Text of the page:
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And Cynulcus said;—There have been many poets who have applied themselves to the composition of parodies, my good friend; of whom the most celebrated was Eubœus of Paros, who lived in the time of Philip; and he is the man who attacked the Athenians a great deal. And four books of his Parodies are preserved. And Timon also mentions him, in [p. 1116] the first book of his Silli. But Polemo, in the twelfth book of his Argument against Timæus, speaking of the men who have written parodies, writes thus—"And I should call Bœotus and Eubœus, who wrote parodies, men of great reputation, on account of their cleverness in sportive composition, and I consider that they surpass those ancient poets whose followers they were. Now, the invention of this kind of poetry we must attribute to Hipponax the Iambic poet. For he writes thus, in his Hexameters,—
Muse, sing me now the praises of Eurymedon,
That great Charybdis of the sea, who holds
A sword within his stomach, never weary
With eating. Tell me how the votes may pass
Condemning him to death, by public judgment,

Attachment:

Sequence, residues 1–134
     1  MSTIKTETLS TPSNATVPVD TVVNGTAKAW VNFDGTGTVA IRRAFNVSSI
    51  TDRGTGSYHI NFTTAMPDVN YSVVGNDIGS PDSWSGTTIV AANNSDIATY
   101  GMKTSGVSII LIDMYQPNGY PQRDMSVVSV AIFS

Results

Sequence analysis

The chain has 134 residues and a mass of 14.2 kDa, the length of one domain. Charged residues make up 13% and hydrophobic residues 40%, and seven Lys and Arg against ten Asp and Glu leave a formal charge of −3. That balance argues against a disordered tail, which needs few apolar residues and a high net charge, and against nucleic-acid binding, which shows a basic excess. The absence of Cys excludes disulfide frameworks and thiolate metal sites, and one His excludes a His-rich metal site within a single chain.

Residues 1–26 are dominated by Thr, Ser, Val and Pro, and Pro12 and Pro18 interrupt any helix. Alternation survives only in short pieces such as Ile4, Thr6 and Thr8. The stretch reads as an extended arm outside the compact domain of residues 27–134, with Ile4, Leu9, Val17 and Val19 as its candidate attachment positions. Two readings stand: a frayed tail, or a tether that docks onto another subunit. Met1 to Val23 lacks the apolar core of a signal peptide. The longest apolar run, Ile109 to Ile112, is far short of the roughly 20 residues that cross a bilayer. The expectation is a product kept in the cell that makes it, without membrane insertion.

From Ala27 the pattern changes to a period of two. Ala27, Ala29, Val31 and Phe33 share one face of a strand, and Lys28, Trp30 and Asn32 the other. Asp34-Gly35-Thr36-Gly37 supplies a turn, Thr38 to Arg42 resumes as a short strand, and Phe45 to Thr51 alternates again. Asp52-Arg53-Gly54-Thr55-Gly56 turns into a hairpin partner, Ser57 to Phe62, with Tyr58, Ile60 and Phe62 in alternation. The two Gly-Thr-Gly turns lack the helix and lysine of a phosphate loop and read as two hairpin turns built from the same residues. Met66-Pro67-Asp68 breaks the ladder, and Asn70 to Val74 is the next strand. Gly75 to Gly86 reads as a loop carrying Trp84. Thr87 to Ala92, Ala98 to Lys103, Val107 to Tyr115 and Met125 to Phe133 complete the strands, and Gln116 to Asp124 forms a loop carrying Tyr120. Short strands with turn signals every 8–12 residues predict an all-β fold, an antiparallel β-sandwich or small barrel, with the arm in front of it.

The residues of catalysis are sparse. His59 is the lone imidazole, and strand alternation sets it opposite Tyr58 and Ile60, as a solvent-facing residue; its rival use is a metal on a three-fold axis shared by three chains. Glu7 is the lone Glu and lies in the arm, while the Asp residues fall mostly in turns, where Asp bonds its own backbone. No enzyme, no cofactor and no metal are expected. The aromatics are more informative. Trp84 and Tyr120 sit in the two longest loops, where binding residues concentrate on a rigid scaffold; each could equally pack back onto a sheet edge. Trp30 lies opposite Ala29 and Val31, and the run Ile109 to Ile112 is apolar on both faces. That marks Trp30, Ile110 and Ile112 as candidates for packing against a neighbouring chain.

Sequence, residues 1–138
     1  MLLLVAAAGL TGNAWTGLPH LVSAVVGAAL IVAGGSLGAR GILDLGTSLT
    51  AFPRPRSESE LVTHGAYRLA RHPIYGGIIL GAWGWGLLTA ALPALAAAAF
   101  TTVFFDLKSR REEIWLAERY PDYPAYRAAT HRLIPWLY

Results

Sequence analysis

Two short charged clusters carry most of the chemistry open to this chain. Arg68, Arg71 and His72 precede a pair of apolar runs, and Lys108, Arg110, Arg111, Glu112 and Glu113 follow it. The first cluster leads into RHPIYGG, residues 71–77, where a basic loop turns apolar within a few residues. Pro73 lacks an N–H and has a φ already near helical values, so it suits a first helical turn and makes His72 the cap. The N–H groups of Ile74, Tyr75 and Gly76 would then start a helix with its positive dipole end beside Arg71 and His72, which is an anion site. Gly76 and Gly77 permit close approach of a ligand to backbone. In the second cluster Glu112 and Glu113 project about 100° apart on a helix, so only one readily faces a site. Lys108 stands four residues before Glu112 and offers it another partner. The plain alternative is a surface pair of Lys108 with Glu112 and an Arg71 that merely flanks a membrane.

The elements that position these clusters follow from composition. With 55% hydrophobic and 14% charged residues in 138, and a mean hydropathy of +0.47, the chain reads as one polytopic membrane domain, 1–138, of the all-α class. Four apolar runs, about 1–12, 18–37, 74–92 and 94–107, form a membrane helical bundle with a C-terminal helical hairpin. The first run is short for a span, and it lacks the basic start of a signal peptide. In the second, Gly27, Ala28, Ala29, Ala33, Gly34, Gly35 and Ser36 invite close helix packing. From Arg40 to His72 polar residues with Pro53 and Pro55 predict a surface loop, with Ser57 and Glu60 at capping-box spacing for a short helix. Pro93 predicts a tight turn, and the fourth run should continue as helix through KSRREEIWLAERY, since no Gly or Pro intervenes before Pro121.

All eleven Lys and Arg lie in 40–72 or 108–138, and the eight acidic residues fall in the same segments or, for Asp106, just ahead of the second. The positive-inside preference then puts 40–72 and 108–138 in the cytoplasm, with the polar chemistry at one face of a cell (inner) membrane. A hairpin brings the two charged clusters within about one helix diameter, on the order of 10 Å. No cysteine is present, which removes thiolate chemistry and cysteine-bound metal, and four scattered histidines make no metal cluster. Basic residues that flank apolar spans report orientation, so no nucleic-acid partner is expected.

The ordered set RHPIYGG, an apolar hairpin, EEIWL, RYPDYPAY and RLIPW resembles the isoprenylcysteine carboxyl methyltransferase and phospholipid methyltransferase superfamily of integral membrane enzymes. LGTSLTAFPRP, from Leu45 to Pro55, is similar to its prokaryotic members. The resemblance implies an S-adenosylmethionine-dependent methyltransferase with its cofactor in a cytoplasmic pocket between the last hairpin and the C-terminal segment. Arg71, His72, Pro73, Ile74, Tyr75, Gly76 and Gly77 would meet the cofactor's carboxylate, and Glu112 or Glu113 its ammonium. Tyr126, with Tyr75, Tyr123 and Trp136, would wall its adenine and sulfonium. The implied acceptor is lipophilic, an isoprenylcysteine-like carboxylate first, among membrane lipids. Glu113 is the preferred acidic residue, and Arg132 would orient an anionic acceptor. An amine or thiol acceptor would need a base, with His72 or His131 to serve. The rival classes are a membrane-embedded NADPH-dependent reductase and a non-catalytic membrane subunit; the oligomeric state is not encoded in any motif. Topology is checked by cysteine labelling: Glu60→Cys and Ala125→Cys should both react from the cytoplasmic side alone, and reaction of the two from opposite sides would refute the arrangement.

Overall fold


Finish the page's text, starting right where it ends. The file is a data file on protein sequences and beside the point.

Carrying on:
On the loud-sounding shore of the barren sea.
Epicharmus of Syracuse also uses the same kind of poetry, in a small degree, in some of his plays; and so does Cratinus, a poet of the old Comedy, in his Eunidæ, and so also does his contemporary, Hegemon of Thasos, whom they used to call Lentil. For he writes thus—
And when I Thasos reach'd they took up filth,
And pelted me therewith, by which aroused
Thus a bystander spoke with pitiless heart:—
O most accursed of men, who e'er advised you
To put such dirty feet in such fine slippers?
And quickly I did this brief answer make:—
'Twas gain that moved me, though against my will,
(But I am old;) and bitter penury;
Which many Thasians also drives on shipboard,
Ill-manner'd youths, and long-ruin'd old men:
Who now sing worthless songs about the place.
Those men I join'd when fit for nothing else;
But I will not depart again for gain,
But doing nothing wrong, I'll here deposit
My lovely money among the Thasians:
Lest any of the Grecian dames at home
Should be enraged when they behold my wife
Making Greek bread, a poor and scanty meal.
Or if they see a cheesecake small, should say,—
"Philion, who sang the 'Fierce Attack' at Athens,
Got fifty drachmas, and yet this is all
That you sent home."—While I was thinking thus,
And in my mind revolving all these things,
Pallas Minerva at my side appeared,
And touch'd me with her golden sceptre, saying,
"O miserable and ill-treated man,
Poor Lentil, haste thee to the sacred games."
Then I took heart, and sang a louder strain.

[p. 1117]

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